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Posted by: Landry Butler on Dec 11, 2017

Court: TN Supreme Court

Attorneys 1:

David A. Stuart, Clinton, Tennessee, and Mark N. Foster, Madisonville, Kentucky, for the appellants, John Howard Story and David Bruce Coffey.

Attorneys 2:

Darryl G. Lowe, Knoxville, Tennessee, for the appellees, Nicholas D. Bunstine, Brent R. Watson, and Jerrold Lance Becker.

Judge(s): PAGE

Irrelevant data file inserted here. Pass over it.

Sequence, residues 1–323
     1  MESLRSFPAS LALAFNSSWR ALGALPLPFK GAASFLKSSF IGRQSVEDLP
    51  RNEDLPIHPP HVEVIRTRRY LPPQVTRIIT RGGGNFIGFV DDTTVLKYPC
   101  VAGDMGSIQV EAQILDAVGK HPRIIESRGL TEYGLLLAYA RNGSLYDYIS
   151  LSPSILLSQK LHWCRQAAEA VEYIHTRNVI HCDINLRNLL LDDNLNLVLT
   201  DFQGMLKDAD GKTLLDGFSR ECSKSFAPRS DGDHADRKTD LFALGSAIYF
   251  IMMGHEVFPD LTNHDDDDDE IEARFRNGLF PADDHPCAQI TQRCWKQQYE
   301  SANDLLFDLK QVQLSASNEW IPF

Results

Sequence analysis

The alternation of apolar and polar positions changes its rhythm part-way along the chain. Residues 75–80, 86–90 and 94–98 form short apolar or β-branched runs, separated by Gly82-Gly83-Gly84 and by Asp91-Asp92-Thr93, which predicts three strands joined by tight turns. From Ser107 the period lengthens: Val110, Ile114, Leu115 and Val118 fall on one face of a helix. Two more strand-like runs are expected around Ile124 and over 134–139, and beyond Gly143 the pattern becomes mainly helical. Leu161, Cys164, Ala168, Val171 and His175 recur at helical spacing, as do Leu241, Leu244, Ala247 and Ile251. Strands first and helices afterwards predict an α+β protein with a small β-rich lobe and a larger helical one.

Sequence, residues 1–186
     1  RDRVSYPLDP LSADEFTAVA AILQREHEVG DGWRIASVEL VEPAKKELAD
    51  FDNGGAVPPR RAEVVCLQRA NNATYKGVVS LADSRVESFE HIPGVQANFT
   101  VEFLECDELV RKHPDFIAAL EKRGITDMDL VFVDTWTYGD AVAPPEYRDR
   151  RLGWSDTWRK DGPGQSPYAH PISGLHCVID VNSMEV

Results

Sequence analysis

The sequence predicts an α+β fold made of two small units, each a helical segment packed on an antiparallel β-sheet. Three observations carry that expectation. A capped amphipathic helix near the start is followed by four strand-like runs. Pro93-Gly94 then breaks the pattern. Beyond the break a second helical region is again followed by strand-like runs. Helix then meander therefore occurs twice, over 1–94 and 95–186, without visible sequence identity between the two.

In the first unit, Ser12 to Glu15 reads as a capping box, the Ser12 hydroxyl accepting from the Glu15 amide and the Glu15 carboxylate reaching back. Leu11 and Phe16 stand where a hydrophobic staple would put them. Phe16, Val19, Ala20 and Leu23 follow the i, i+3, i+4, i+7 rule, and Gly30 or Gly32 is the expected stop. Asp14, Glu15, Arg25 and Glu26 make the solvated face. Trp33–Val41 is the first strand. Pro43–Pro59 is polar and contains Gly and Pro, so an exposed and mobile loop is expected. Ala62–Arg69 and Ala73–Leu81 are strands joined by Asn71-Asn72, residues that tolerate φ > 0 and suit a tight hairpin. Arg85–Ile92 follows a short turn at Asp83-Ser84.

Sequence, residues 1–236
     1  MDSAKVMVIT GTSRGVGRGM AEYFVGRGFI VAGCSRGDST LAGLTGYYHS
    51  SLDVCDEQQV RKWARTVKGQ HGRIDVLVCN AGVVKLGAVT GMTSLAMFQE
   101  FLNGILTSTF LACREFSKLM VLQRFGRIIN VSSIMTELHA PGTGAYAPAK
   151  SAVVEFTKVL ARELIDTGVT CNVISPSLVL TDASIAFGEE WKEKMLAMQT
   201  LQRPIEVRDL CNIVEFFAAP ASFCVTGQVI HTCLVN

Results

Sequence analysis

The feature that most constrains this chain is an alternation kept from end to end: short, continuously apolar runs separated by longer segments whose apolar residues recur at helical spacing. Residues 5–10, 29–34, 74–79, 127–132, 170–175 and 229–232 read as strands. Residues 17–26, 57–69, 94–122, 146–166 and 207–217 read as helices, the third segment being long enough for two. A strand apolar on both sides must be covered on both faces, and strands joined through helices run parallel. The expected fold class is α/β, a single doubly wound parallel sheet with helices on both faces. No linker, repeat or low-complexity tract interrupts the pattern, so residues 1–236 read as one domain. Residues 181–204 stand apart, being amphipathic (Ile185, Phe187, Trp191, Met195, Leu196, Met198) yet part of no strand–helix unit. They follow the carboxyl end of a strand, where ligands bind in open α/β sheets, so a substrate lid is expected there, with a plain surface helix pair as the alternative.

The defendant attorneys in the instant legal malpractice case, Nicholas D. Bunstine, Brent R. Watson, and Jerrold L. Becker, individually and d/b/a Bunstine, Watson, McElroy & Becker, represented the plaintiffs, John Howard Story and David Bruce Coffey, in a lender liability lawsuit. In the underlying lender liability lawsuit, the trial court ultimately dismissed the case against two of the lender defendants, and the claims against the remaining lender defendant were later voluntarily dismissed. Thereafter, the plaintiffs filed the instant lawsuit against the defendant attorneys alleging legal malpractice. The trial court partially dismissed the case based on the expiration of the one-year statute of limitations for filing a complaint for legal malpractice. See Tenn. Code Ann. § 28-3-104(c)(1). Later, in response to the defendant attorneys’ motion for summary judgment, the trial court dismissed the plaintiffs’ remaining claim, determining that the claim was also barred by the statute of limitations. The Court of Appeals affirmed. We granted this appeal to address: (1) whether this Court’s opinion in Carvell v. Bottoms, 900 S.W.2d 23 (Tenn. 1995), in which we set forth a discovery rule for when the statute of limitations begins to run in a legal malpractice action, should be overruled; (2) whether an interlocutory ruling in underlying litigation constitutes a legally cognizable injury; (3) whether this Court should adopt either the continuous representation rule or the appeal-tolling doctrine for tolling the statute of limitations in legal malpractice actions; and (4) whether a subsequent action of an attorney that renders an interlocutory order final amounts to a separate and discrete act of malpractice such that the statute of limitations for that action does not begin until said action is taken. Following our review, we conclude that Carvell v. Bottoms is the accurate analysis for determining when a claim of legal malpractice accrues. In addition, we decline to adopt the two tolling doctrines proposed by the plaintiffs, and we further decline to hold that the trial court’s final judgment in the underlying case is required before there is an actual injury for purposes of the accrual of a claim for litigation malpractice. Nevertheless, we conclude that, in the case before us, the complaint fails to establish an actual injury prior to the date of the trial court’s final judgment in the underlying case. Consequently, the trial court erred in granting the motion to dismiss and in determining that the plaintiffs’ legal malpractice claims were time barred. Finally, we conclude that the trial court also erred in granting the defendants’ motion for summary judgment. In this case, the defendant attorneys’ alleged negligence, which purportedly rendered the interlocutory order in the underlying case final, constituted a distinct act of malpractice, and as such, the statute of limitations had not run on that claim at the time the plaintiffs filed this legal malpractice action. Therefore, we reverse the judgments of the trial court and the Court of Appeals and remand this case to the trial court for further proceedings consistent with this opinion.